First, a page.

Why Cats Purr

Do cats purr because they’re happy? That’s not always the case.

Do cats purr because they're happyFranny Spiefy, a cat expert on About.com, answers these and other questions in her post “The Remarkable Purr of a Cat”

“Do cats purr when they are alone?” What a great question! Truthfully, I don’t know if cats purr when they are alone. It seems likely that they do, if one understands a little about why cats purr.

Most experienced “cat wranglers” now know that cats don’t purr only when they are content and happy. They also purr during tense or traumatic moments. When suddenly and violently injured, even at moments near death, a cat will often purr. I’ve often likened this to saying, “Please don’t hurt me any more. I’ll  be good,” but studies have put a more scientific spin on this seeming anomaly. It seems that the measurable Hertz of a cat’s purr lies between 25 and 150. Coincidentally (or not) it has been found that sound frequency in this range can stimulate bone growth and healing. ¹ A newer theory is that purring releases endorphins – natural analgesics that reduce pain while healing proceeds.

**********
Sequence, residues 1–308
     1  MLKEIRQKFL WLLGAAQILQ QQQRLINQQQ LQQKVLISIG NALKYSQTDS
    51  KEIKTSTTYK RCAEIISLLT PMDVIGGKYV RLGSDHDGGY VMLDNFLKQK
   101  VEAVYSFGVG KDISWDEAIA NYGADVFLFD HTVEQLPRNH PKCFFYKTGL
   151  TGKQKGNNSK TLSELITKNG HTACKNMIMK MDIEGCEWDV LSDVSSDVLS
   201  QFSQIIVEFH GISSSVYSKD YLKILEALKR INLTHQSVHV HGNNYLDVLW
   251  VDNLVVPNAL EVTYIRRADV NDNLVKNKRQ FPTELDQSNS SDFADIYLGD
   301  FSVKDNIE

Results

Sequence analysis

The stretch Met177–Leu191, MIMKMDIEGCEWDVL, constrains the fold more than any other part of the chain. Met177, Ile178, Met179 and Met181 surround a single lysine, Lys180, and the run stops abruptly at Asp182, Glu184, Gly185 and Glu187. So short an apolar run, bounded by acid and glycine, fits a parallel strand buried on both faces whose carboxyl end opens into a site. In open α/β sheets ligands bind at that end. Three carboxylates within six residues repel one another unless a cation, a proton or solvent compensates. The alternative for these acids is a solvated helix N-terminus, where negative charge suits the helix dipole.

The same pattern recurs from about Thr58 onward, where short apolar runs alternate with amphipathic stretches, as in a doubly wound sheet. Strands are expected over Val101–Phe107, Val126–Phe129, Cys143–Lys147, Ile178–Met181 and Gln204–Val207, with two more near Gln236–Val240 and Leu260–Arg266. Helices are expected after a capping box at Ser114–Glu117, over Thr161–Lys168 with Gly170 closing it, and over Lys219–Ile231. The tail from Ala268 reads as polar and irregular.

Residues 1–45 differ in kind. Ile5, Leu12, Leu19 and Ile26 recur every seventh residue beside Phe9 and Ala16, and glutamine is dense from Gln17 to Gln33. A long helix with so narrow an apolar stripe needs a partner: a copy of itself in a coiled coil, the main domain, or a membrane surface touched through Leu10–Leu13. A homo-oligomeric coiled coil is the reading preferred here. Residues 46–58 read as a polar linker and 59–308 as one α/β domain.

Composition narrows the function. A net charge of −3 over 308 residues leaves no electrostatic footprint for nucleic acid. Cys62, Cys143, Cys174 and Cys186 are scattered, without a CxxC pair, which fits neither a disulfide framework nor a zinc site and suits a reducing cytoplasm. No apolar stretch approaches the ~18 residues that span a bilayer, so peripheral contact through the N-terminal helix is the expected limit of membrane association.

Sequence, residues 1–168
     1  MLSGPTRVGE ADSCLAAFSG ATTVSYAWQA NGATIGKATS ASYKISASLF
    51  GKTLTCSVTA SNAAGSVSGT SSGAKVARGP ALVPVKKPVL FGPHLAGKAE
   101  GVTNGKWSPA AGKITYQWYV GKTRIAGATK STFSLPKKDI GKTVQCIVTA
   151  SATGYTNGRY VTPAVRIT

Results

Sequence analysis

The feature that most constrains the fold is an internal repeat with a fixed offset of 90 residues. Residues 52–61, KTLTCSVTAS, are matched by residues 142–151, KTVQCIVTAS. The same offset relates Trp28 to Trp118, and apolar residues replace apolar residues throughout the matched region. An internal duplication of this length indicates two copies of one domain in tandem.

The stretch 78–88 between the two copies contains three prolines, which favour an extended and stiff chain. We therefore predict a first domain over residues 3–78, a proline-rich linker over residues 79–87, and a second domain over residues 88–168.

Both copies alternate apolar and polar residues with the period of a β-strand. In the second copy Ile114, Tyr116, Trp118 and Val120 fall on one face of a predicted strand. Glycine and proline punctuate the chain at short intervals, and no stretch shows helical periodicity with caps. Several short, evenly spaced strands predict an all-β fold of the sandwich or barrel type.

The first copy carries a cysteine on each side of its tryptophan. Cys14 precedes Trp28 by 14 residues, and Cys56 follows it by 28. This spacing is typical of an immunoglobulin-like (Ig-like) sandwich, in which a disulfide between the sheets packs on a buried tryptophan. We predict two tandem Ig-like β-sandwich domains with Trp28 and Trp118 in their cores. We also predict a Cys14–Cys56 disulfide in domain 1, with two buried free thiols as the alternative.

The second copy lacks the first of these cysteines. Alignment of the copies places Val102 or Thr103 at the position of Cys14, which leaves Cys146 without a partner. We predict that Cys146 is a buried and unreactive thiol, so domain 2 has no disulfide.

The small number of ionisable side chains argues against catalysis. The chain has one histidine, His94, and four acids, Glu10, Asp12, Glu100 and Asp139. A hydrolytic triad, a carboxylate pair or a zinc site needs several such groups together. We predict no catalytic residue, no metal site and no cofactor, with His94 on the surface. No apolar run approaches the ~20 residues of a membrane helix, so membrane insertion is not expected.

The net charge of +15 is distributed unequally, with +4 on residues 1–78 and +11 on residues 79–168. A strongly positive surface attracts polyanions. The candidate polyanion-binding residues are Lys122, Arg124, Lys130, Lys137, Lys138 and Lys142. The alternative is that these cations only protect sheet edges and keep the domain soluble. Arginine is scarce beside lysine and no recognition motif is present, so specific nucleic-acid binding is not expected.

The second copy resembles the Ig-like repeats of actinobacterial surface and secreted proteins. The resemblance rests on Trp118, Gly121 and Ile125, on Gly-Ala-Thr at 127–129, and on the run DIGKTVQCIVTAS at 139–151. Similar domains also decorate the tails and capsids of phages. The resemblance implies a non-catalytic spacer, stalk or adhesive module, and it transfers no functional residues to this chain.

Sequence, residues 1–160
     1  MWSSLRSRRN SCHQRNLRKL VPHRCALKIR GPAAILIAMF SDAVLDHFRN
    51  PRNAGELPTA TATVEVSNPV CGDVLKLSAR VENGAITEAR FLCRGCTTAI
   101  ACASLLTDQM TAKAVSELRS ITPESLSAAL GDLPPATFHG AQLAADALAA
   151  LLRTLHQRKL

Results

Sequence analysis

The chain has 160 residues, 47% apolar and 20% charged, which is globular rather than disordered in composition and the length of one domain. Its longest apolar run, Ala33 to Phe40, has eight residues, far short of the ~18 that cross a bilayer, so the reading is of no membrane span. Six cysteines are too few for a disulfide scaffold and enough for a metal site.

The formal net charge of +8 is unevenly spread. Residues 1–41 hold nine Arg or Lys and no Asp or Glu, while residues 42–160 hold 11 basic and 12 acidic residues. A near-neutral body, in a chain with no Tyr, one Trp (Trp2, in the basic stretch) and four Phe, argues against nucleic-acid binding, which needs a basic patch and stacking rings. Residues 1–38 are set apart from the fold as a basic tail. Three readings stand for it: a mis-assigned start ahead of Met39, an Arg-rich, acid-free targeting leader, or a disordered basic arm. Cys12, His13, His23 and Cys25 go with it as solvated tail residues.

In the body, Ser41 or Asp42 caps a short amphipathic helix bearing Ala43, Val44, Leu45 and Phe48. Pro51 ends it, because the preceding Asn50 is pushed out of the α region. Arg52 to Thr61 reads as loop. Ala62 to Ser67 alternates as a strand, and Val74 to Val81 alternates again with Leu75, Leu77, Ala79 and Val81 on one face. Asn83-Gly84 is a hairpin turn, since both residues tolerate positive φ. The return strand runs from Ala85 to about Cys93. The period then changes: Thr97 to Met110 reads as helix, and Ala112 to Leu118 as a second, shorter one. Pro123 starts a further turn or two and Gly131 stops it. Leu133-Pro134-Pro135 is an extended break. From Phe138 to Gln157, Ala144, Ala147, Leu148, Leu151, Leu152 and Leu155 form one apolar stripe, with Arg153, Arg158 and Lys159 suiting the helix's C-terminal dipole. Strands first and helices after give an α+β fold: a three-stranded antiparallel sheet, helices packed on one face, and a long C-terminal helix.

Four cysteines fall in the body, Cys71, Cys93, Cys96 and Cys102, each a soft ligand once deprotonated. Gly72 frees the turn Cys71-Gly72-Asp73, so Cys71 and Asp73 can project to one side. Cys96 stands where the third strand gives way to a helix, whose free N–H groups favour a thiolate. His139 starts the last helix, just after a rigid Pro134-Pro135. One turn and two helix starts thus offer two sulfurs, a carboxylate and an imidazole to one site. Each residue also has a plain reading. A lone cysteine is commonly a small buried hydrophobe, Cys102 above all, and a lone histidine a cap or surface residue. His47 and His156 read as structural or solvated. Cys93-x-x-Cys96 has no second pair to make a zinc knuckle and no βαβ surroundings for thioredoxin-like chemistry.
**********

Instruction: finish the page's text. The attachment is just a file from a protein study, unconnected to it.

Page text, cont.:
Want to read more about cats and purrs? Check out this article.




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